note: entire contents copyright 2007 by Carl A. Rossi
Judy Garland … Kathy St. George
In SpeakEasy’s production of RUTHLESS! THE MUSICAL, several seasons ago, Kathy St. George evoked the late Judy Garland (1922-1969) with a few well-chosen arm gestures; Ms. St. George now takes on the lady in full in Tony McLean’s AND NOW LADIES AND GENTLEMEN, MISS JUDY GARLAND, based on Ms. Garland’s attempted autobiography via tape recorder and backed by a dozen of her standards. Bootleg copies of these tapes have floated around for years and these ramblings of a sick, bankrupt woman make for painful listening: when Ms. Garland began her downslide in the 1950s, her vulnerability recast the Girl from Oz as a victim of manipulative men --- a role that her legions of fans came to demand in exchange for their love and devotion; not surprisingly, Ms. Garland’s narrative pleads her martyrdom and thus does the current production.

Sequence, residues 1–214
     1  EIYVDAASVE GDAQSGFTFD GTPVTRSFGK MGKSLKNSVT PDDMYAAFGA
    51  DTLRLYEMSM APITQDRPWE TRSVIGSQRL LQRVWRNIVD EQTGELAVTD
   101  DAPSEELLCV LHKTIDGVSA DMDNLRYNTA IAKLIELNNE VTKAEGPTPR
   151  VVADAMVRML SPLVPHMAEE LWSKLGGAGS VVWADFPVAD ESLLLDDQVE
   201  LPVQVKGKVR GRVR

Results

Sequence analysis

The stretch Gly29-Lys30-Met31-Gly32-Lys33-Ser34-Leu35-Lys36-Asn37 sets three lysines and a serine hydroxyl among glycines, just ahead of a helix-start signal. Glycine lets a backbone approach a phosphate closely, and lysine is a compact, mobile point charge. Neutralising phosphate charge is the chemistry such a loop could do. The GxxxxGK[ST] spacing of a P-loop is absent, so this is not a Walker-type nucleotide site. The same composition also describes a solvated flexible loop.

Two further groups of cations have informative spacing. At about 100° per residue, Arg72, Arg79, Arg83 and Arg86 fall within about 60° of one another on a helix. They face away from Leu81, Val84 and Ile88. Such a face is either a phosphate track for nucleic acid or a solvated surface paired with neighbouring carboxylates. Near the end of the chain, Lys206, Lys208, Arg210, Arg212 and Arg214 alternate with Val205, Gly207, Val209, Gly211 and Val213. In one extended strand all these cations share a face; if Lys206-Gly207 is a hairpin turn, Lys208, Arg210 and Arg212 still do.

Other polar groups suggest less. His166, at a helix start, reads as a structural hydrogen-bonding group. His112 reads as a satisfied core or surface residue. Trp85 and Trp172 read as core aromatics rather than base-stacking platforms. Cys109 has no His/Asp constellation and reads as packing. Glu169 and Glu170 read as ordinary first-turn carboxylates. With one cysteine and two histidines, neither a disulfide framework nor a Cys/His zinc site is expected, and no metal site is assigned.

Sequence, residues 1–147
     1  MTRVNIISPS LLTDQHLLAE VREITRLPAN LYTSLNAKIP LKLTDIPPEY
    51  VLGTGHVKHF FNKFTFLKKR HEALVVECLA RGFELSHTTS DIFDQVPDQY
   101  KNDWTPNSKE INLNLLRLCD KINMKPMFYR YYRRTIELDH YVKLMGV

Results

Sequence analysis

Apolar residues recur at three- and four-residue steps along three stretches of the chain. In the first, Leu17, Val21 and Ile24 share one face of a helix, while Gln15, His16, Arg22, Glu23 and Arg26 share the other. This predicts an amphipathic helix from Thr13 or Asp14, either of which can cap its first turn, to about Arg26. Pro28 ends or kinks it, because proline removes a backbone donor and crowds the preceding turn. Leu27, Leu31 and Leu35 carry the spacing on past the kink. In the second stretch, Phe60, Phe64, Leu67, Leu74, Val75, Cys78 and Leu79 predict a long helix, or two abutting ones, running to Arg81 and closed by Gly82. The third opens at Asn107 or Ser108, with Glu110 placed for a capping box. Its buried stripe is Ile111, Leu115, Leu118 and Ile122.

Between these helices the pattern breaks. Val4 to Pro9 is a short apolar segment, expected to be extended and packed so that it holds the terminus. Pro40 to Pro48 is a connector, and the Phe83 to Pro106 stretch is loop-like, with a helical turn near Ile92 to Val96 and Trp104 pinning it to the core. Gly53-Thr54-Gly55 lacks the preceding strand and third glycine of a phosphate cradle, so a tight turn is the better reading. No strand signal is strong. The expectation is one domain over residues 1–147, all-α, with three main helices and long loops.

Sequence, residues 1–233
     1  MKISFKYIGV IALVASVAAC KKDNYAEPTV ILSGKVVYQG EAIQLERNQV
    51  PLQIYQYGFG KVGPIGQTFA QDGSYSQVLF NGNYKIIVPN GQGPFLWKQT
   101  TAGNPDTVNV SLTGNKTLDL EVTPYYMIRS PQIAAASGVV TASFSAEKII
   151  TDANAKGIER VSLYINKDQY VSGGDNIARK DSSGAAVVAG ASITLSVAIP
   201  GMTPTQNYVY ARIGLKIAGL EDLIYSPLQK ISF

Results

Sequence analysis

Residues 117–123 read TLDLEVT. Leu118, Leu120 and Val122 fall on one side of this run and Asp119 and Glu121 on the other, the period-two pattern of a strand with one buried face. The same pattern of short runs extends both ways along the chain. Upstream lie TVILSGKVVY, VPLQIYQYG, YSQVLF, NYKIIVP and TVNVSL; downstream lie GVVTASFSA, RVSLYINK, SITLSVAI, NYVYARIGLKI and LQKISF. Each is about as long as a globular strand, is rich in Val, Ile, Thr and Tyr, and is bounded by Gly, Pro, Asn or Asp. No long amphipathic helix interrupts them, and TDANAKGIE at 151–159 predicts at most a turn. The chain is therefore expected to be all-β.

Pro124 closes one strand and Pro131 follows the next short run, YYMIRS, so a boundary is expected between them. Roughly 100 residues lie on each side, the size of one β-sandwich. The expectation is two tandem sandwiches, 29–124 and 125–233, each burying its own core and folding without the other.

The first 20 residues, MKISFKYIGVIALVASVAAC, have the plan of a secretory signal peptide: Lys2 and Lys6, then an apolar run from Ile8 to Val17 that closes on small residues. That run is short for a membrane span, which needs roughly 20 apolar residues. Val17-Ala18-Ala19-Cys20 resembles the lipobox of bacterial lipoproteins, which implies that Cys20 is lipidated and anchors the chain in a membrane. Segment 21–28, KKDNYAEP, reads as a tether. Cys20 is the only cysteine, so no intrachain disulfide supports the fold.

If AND NOW LADIES AND GENTLEMEN… is intended to be a portrait of Dorothy in Hell, it falls victim, itself, to its creators’ loving hands: as adapted and staged by Mr. McLean, Ms. Garland emerges as a nice lady with an unlucky streak, dressed in white silk and sipping white wine, nor does Ms. St. George suggest the unhealthiness that became part of Ms. Garland’s bravura style; even the clichéd wobble-walk is omitted. (This Judy declares that she is not an addict; imagine the psychological chill had she made this announcement shortly after popping some pills; as is, the line reaps a chuckle from the house.) If the evening is meant to humanize a showbiz monster in the first half and painlessly celebrate her artistry in the second half, then it all works nicely: Ms. St. George has never been more engaging (though like many a musical comedy performer, she projects rather than emotes) and on the night I attended the packed house cheered both women; my own pleasure lay in the dabs of dramatic colors that Ms. St. George added to her palette and which, hopefully, will not wash away, soon --- those colors, bolstered by her alluring “Black Coffee” in Stoneham’s PETE ‘N’ KEELY, hint that there is more to Ms. St. George than meets the beguiled eye. Taking on Judy Garland was something that Ms. St. George felt compelled to do; now she can --- and must --- move on, artistically: she has remained in Ms. Garland’s shadow for far too long.